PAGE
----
It is 2016 ladies & gentlemen. There is absolutely no reason why our inclusion in mainstream television programming should STILL focus on these tired, lazy, DL characters and their associated “down low” experiences. It truly KILLS ME that producers are still seemingly perpetuating the idea that two black men can’t exist in an openly loving, monogamous, mentally & emotionally stable relationship. And if a black man does exist in a healthy union, his partner HAS to be of another ethnicity.
While I certainly am pleased to watch and support the Jamal Lyon’s, Tariq Muhammad’s & Milan Christopher’s of the world, I want to see them on screen in a way that reflects the reality of a changing, more accepting cultural landscape.
BLACK MEN DO EXIST IN ROMANTIC RELATIONSHIPS WITH OTHER BLACK MEN who are out to their families, desire marriage, seek longterm partnership and are comfortable within their sexuality.
The large majority of us are NOT wasting our time chasing behind closeted rap stars & athletes who have not yet accepted their same sex attractions or feelings.
In my opinion, these “DL” storylines, though written & performed fairly well, do nothing at its core to lay bare the most visceral, romantic elements of male interaction. And because there are so few representations of gay, black men on screen, there is no time or space to waste on pure “entertainment”. We, as a community tend to accept and get excited about seeing these washed storylines because the only alternative in black, gay media comes in the form of start and stop web series’ made for YouTube or digital/print magazines that unfortunately never reach beyond a tiny segment of readers. I WANT TO SEE MY BROTHERS ON SCREEN accenting the sentiments of two men, living as partners, working to build a home together, establishing finances, raising a family and committed to loving one another, eternally.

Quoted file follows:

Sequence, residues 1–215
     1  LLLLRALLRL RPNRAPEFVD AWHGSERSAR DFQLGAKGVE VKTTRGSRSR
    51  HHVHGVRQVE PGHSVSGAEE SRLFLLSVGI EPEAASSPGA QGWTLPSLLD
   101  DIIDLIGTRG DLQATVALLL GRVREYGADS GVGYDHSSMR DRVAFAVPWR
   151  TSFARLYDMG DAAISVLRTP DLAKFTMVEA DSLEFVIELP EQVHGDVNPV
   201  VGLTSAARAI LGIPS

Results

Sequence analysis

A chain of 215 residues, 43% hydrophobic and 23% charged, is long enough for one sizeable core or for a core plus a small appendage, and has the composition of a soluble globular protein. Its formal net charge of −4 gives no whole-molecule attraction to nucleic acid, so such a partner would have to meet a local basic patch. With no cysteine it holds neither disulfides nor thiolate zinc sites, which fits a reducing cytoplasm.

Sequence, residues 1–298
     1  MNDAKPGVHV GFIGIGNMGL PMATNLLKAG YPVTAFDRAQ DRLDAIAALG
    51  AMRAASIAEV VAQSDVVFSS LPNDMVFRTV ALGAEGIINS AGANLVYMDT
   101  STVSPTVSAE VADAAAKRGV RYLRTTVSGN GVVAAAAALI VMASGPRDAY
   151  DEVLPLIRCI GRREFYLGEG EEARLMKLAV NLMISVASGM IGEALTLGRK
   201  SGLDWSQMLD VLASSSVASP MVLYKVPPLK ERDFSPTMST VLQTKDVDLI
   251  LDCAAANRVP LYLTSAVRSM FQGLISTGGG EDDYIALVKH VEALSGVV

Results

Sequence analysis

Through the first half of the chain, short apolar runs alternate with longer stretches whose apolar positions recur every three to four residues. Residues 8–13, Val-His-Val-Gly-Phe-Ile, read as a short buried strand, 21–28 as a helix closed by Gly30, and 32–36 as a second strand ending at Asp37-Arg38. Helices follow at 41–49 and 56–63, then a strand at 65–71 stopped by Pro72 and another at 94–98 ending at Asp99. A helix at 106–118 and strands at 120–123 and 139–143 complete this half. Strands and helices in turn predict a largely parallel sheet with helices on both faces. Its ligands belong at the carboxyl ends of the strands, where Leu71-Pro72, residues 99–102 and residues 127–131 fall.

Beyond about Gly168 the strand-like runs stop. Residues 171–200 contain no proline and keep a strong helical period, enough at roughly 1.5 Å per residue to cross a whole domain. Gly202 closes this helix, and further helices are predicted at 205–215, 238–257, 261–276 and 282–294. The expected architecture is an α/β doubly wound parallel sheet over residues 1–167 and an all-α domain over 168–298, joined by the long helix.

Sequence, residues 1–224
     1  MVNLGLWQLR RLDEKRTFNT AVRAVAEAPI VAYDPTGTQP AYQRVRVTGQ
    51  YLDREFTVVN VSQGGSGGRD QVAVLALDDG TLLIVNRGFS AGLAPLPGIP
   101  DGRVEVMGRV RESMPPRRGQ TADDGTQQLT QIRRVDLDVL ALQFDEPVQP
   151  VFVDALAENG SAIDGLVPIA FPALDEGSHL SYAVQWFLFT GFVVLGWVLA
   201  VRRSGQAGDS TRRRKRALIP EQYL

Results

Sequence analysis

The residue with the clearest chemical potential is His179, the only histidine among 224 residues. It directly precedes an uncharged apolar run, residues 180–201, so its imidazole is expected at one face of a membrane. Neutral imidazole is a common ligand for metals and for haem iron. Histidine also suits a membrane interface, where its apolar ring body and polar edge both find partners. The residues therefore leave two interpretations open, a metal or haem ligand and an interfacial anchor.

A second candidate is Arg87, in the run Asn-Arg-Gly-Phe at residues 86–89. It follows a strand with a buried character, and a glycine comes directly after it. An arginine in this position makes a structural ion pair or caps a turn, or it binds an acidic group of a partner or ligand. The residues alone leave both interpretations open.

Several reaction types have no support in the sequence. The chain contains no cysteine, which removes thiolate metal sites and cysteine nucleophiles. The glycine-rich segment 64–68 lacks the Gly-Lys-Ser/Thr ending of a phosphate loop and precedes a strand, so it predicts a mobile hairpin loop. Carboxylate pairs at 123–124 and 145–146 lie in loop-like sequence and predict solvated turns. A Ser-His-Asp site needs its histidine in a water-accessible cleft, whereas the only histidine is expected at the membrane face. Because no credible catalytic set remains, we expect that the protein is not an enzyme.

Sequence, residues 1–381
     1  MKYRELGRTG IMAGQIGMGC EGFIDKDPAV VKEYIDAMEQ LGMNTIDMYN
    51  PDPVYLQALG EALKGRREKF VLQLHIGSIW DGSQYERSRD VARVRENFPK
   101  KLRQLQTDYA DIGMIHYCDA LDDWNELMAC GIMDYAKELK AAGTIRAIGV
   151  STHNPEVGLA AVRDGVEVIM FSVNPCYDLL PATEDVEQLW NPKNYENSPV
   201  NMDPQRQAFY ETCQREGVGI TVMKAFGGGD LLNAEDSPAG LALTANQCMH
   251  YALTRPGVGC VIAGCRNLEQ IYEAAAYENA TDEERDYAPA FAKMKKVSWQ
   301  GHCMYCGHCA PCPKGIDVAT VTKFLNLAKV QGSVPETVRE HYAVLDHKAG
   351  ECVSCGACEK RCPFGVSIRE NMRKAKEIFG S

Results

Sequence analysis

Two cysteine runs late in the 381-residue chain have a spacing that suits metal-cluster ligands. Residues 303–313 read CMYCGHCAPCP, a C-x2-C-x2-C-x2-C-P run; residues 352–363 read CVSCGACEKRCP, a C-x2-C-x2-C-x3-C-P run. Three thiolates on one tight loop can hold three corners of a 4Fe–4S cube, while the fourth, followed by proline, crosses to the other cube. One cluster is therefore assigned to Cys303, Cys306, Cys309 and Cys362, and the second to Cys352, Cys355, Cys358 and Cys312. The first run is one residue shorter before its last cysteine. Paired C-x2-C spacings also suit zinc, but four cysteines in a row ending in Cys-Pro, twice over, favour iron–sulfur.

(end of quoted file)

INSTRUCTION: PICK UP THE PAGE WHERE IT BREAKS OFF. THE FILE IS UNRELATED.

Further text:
It can be featured in the most basic form of two 22 year olds in their senior year of college: sharing their first apartment together, struggling to make ends meet, one working, the other unemployed, but both making sure the other eats daily and has his basic needs met. I’m not pitching fantasy situations here.
Networks and production companies need to STOP sensationalizing the “DL” man and his “struggle to be himself”. ITS TIRED. They do it specifically to throw black, gay men a bone (see… we included you) – all while echoing the perspective of the masses that suggests our interactions are abnormal or our carefree, sex filled, irresponsible, ungodly “lifestyles” are all the same. We are painted as being unworthy of traditional love.
It’s the antithesis of my reality and to those I most commonly meet, befriend and engage with across the country.
If God ever grants me the opportunity to create LGBT content beyond the Internet, it will be my priority to redefine the depictions of black gay male relationships – the connections we’ve established with ourselves, our families, our partners and the universe as a whole.